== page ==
I thought back to the weekend and the moments leading up to it. There was a part of me that was excited and a part that was hesitant. I was nervous about teaching a workshop to a large group. And a bit of anxiety crept up as I thought about who would be there, if I’d fit in, how much engagement would be required, etc.

When I arrived, a wave of social anxiety washed over me, and for the first hour or two, I thought I made a huge mistake coming there. I began thinking up all the ways I could get out of leading my workshop on Saturday morning and go home. But I was stuck.

I even texted my boyfriend, saying that I didn’t know what I was thinking. He firmly said, “You belong there just as much as anyone else. That’s your place, and you just need to give it time.”

Most women that weekend didn’t know the thoughts that occupied my mind space. They didn’t know I considered what kind of ailment I could come down with to avoid teaching. They didn’t know that this woman who appeared social was also very insular at times and needed copious amounts of alone time. They didn’t know it took effort to find the energy for Bollywood dancing after dinner when I initially just wanted to retreat to my tent. They didn’t know because I barely showed it. I socialized. I participated. I danced. I sang. And I left with a new network of sisters who lift one another up. I ended up loving it.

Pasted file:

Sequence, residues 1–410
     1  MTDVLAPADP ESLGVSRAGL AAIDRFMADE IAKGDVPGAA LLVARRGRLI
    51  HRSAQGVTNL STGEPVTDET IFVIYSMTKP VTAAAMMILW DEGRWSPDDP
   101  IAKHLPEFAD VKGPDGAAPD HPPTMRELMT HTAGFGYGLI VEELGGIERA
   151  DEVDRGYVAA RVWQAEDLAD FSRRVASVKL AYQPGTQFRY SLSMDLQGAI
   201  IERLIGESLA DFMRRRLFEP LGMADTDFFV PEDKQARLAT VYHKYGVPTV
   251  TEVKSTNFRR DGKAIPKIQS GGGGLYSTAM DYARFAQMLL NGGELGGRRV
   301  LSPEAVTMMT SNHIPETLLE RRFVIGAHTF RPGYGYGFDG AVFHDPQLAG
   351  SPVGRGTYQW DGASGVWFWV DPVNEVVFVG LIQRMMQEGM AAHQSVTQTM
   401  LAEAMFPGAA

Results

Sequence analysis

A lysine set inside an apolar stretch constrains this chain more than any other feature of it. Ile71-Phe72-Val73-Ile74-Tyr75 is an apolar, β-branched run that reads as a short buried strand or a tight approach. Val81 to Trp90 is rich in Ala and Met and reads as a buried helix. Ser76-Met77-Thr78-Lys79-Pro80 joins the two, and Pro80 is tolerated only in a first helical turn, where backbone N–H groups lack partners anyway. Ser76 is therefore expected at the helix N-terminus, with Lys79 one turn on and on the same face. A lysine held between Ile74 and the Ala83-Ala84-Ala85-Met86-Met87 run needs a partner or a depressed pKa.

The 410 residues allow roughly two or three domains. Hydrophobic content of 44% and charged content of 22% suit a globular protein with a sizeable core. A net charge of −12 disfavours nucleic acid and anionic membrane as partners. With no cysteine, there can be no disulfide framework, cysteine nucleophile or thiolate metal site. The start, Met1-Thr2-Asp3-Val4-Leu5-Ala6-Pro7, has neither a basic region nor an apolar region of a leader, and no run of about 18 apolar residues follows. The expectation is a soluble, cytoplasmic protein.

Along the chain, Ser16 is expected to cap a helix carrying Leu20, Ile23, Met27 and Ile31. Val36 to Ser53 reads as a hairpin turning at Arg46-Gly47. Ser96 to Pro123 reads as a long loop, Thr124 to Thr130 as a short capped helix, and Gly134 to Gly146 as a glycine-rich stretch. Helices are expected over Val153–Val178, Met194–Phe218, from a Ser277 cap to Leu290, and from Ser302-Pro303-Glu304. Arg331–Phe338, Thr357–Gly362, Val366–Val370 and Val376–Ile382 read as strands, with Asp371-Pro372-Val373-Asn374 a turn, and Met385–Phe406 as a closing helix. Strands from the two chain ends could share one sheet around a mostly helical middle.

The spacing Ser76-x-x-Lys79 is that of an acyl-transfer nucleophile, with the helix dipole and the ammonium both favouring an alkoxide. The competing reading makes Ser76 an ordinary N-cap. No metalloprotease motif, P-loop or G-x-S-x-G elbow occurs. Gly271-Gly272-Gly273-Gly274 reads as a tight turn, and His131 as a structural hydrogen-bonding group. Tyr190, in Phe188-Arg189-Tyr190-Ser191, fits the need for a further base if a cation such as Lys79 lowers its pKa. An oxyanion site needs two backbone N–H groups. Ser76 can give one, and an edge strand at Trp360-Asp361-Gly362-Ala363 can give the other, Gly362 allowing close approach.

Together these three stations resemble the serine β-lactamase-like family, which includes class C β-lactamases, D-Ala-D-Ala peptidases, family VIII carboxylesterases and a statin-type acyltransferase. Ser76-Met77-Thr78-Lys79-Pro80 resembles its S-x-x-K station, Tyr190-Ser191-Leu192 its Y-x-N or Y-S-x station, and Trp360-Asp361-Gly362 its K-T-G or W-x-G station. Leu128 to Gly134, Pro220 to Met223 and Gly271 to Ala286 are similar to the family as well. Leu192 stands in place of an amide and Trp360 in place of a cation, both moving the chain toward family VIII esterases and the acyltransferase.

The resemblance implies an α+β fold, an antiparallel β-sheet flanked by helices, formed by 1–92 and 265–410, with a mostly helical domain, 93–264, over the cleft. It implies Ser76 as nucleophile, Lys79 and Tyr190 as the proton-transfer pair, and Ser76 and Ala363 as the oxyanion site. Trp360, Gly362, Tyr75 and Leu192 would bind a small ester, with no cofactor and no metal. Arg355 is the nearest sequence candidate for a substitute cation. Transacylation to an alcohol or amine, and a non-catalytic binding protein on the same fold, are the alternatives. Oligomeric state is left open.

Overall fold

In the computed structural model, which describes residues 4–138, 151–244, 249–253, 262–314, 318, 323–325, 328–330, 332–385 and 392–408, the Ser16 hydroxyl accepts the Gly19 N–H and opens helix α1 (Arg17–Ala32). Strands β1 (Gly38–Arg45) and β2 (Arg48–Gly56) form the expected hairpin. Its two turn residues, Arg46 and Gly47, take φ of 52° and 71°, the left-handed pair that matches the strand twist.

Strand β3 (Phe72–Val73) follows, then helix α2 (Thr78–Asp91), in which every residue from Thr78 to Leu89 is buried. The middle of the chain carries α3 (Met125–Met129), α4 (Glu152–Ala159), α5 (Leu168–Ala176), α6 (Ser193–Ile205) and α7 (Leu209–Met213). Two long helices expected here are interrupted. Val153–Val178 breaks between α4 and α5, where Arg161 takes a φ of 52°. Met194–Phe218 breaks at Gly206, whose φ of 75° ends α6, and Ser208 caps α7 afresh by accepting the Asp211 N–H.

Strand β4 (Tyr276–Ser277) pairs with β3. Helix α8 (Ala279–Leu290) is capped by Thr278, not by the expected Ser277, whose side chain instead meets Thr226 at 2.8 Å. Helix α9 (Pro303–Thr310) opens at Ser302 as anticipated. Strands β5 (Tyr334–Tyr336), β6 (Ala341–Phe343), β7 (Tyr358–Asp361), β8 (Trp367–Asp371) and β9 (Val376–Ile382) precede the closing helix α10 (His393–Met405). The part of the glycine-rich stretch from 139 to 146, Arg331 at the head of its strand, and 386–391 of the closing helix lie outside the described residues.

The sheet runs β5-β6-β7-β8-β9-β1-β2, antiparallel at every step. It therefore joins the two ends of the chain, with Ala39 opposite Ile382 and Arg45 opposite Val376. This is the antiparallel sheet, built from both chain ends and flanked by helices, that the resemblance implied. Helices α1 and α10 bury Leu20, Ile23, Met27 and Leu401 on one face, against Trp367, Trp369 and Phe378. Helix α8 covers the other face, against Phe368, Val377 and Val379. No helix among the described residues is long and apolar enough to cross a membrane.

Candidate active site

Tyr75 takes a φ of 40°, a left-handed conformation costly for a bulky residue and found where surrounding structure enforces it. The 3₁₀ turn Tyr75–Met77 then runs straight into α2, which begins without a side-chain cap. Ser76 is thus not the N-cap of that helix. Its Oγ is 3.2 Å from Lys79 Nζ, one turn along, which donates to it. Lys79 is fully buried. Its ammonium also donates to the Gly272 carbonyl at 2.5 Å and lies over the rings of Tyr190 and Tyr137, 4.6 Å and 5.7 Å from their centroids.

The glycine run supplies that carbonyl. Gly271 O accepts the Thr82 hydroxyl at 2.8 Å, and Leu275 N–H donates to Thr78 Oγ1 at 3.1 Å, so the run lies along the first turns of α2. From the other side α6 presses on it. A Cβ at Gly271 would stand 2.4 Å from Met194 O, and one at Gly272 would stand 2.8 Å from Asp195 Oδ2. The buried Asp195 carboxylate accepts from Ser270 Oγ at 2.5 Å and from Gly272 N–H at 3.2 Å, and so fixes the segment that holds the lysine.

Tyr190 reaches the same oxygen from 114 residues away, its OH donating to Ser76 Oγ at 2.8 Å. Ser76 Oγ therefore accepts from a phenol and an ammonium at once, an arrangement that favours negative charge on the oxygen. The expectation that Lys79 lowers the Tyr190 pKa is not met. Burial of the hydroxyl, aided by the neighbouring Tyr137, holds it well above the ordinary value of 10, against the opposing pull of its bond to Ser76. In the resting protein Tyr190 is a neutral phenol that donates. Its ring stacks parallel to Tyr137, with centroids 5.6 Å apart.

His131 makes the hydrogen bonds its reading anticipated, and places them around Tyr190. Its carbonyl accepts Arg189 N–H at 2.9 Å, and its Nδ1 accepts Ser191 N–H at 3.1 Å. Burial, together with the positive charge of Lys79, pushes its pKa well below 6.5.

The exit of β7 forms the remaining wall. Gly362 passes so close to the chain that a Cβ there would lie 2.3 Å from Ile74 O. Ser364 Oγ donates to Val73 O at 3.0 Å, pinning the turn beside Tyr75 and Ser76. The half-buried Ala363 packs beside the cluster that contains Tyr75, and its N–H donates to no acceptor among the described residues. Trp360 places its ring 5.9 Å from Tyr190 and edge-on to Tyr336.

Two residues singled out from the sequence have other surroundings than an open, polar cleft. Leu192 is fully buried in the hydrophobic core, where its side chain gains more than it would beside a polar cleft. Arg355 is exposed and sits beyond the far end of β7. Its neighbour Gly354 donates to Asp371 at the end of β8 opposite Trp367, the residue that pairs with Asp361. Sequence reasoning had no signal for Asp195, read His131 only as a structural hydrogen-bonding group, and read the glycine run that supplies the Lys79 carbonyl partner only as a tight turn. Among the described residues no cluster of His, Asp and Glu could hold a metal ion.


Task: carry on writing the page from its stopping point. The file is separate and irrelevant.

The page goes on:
So, how introverted am I really? And why do I feel a need to claim this label? What do labels really do for us? Am I an ambivert—partly introverted and partly extroverted, depending on the context? I don’t know, and I’m okay with that.

I guess I am a woman with diverse aspects of her personality, which gives me a great ability to understand those of others. And maybe that’s all that matters.

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  • Eva Liu, DC

    Thanks for this. It is exactly what I needed to hear today. 🙂

    • Revangel Flow

      🙂 Thank YOU!

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  • Yes, it is definitely a spectrum, Jesse. But unfortunately, we sometimes live in a world in which we want to place people in boxes… and I have sometimes been guilty of doing the same to myself. Thanks for sharing!

  • Elley J